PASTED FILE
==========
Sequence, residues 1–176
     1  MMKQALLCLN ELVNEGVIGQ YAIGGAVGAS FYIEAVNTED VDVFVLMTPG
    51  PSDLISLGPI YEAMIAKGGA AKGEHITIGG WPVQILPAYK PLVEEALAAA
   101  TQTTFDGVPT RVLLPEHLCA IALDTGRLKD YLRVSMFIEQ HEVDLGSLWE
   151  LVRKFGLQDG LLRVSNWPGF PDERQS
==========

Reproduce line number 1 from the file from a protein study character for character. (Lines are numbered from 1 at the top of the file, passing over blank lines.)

Sequence, residues 1–176